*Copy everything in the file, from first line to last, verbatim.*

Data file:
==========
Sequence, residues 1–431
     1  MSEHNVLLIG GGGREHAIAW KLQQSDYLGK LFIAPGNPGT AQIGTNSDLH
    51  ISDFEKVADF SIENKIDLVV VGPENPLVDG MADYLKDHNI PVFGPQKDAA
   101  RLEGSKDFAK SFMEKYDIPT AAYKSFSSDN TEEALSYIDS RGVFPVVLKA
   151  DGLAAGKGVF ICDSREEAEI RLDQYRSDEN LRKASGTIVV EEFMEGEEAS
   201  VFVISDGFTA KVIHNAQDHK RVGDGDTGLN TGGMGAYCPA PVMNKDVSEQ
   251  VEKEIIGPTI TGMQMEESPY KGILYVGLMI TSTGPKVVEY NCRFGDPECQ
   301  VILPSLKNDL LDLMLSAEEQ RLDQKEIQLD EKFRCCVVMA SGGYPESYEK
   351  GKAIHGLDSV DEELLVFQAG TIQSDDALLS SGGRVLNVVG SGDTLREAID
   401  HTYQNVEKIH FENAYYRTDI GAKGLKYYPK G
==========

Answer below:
Sequence, residues 1–431
     1  MSEHNVLLIG GGGREHAIAW KLQQSDYLGK LFIAPGNPGT AQIGTNSDLH
    51  ISDFEKVADF SIENKIDLVV VGPENPLVDG MADYLKDHNI PVFGPQKDAA
   101  RLEGSKDFAK SFMEKYDIPT AAYKSFSSDN TEEALSYIDS RGVFPVVLKA
   151  DGLAAGKGVF ICDSREEAEI RLDQYRSDEN LRKASGTIVV EEFMEGEEAS
   201  VFVISDGFTA KVIHNAQDHK RVGDGDTGLN TGGMGAYCPA PVMNKDVSEQ
   251  VEKEIIGPTI TGMQMEESPY KGILYVGLMI TSTGPKVVEY NCRFGDPECQ
   301  VILPSLKNDL LDLMLSAEEQ RLDQKEIQLD EKFRCCVVMA SGGYPESYEK
   351  GKAIHGLDSV DEELLVFQAG TIQSDDALLS SGGRVLNVVG SGDTLREAID
   401  HTYQNVEKIH FENAYYRTDI GAKGLKYYPK G